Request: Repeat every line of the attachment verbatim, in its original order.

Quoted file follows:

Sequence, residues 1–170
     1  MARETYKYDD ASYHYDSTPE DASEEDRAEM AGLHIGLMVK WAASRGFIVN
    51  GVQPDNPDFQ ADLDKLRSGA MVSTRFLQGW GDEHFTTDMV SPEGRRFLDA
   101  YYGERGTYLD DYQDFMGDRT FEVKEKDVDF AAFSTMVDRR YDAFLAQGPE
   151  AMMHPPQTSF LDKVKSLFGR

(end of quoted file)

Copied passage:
Sequence, residues 1–170
     1  MARETYKYDD ASYHYDSTPE DASEEDRAEM AGLHIGLMVK WAASRGFIVN
    51  GVQPDNPDFQ ADLDKLRSGA MVSTRFLQGW GDEHFTTDMV SPEGRRFLDA
   101  YYGERGTYLD DYQDFMGDRT FEVKEKDVDF AAFSTMVDRR YDAFLAQGPE
   151  AMMHPPQTSF LDKVKSLFGR